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Gold Road Resources continues to process stockpiles at its Gruyere gold project in Western Australia despite incurring six months’ worth of rain in less than two weeks.

Gruyere – which is a joint venture between Gold Fields and Gold Road – has been lashed with more than 50 per cent of average annual rainfall for the region in the first two weeks of March, stifling operations as a result.

Gruyere has received over 140mm of rain so far this month, with the nearby town of Laverton reporting around 110mm over the same period.

The substantial rainfall event has resulted in the closure of Laverton Shire roads that provide access to Gruyere and the suspension of mining operations, with the likely resumption of open pit access expected next week.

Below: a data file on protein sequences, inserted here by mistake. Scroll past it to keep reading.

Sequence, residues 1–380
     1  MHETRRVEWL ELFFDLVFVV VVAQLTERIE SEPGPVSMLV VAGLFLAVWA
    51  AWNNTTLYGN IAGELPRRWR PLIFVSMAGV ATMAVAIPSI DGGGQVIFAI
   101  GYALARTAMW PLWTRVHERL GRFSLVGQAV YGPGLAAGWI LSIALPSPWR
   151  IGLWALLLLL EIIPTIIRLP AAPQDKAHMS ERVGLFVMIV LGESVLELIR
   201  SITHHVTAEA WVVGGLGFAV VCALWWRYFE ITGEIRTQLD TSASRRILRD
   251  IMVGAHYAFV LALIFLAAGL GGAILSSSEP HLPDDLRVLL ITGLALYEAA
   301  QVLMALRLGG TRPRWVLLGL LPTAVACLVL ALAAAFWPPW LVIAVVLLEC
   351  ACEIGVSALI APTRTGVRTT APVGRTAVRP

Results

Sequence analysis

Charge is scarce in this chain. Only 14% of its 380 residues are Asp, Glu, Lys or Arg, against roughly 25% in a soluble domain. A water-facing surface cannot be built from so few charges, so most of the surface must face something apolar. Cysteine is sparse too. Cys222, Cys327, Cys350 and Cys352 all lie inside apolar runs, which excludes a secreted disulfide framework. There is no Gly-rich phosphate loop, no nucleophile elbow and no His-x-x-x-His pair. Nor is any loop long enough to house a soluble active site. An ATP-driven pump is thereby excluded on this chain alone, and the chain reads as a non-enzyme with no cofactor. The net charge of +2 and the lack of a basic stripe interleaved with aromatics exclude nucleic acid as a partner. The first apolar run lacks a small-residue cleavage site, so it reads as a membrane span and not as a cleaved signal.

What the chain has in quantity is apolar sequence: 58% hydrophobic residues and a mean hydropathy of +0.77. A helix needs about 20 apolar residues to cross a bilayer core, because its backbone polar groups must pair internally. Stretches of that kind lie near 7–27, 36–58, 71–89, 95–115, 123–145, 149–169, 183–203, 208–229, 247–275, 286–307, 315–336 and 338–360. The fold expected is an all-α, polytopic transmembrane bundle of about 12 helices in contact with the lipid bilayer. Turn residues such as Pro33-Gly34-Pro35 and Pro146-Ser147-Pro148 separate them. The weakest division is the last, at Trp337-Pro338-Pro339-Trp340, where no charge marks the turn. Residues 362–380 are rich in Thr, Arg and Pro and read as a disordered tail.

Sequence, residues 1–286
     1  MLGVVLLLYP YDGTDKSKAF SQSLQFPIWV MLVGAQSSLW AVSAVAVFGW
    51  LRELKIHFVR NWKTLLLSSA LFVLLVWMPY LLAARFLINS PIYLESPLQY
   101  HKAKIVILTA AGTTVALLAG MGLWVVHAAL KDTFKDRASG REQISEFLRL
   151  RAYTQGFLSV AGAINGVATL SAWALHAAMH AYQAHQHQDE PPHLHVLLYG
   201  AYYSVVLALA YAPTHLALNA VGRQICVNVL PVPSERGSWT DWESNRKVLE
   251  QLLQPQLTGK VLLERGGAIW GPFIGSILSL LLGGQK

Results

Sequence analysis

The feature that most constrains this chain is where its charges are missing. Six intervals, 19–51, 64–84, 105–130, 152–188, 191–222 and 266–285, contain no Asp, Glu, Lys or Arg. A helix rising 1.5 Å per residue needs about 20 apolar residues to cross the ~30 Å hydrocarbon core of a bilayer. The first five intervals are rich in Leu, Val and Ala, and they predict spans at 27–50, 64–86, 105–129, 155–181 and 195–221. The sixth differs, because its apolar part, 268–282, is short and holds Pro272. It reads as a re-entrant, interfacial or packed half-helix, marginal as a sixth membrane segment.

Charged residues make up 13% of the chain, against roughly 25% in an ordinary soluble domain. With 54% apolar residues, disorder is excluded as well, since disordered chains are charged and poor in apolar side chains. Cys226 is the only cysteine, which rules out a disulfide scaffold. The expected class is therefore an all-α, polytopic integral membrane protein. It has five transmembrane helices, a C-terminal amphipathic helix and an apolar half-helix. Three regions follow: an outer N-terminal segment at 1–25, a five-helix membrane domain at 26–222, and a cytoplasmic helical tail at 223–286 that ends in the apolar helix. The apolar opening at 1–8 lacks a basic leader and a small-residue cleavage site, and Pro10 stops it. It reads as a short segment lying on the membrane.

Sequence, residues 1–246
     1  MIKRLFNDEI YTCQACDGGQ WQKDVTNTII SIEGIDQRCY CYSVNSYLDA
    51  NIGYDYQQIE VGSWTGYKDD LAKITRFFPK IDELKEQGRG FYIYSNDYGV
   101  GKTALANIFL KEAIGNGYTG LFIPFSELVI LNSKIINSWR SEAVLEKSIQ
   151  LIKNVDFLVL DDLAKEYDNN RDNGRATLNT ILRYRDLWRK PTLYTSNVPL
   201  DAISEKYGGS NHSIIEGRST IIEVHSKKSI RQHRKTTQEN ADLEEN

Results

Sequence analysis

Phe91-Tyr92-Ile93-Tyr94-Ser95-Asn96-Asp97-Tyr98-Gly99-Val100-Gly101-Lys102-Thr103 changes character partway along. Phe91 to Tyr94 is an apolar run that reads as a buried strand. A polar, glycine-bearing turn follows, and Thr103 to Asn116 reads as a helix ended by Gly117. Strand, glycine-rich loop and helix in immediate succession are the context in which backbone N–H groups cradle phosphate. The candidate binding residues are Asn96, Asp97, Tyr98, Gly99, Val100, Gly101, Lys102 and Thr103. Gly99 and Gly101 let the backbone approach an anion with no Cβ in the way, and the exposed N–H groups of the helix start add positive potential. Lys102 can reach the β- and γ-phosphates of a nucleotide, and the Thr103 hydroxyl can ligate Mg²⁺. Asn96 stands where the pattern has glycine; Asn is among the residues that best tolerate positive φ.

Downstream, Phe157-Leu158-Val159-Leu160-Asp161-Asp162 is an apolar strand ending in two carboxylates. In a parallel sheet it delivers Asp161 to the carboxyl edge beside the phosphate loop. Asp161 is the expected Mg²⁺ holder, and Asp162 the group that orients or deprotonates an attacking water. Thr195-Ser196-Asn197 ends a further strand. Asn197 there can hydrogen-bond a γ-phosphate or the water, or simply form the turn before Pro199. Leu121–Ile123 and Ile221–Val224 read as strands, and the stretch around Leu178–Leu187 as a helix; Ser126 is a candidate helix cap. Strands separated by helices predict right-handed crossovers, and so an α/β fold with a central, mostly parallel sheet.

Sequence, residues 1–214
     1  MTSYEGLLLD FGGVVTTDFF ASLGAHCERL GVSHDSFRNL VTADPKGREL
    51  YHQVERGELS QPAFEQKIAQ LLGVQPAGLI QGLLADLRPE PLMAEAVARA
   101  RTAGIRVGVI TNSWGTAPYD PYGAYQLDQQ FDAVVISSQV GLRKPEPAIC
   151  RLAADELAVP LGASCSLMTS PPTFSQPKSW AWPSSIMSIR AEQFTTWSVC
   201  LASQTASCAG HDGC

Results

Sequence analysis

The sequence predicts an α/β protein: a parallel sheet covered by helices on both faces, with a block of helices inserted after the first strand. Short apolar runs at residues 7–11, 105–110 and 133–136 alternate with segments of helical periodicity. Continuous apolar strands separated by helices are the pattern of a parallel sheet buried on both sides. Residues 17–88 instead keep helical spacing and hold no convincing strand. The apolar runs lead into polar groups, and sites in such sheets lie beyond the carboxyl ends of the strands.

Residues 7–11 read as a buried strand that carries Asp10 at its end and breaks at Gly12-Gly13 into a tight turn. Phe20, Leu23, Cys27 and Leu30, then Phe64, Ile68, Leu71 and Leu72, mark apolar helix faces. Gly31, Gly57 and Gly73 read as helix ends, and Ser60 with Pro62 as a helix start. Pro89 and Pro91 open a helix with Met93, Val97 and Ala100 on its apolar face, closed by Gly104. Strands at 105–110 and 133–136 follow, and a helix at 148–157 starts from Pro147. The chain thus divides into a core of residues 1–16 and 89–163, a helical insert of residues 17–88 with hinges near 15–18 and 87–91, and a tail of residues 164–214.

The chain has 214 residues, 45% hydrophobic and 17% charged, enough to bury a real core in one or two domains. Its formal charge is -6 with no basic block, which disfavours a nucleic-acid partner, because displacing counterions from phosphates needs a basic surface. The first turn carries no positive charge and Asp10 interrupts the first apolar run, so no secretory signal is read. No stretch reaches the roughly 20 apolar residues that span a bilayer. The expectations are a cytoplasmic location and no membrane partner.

The company said it has been processing stockpiles for much of the month while mining operations are suspended.

March quarterly gold production is anticipated to be in the range of 68,000–73,000 ounces (oz).

Despite the recent rainfall, the 2024 annual guidance for Gruyere is unchanged, sitting between 300,000 and 335,000oz at an attributable all-in sustaining cost of between $1900–2050/oz.

Gold Road expects mining and production to continue to ramp up through the first half of 2024 with stronger production performance expected for the second half of the year.

Total material movement rates ramped up to targeted annualised daily rates prior to the deluge.

As Gold Road gears up to grow Gruyere, the company’s mining contractor MACA has recruited labour to support the ongoing expansion.

Gold Road remains focused on bench turnover of the stage three and four pits to improve access to ore at Gruyere.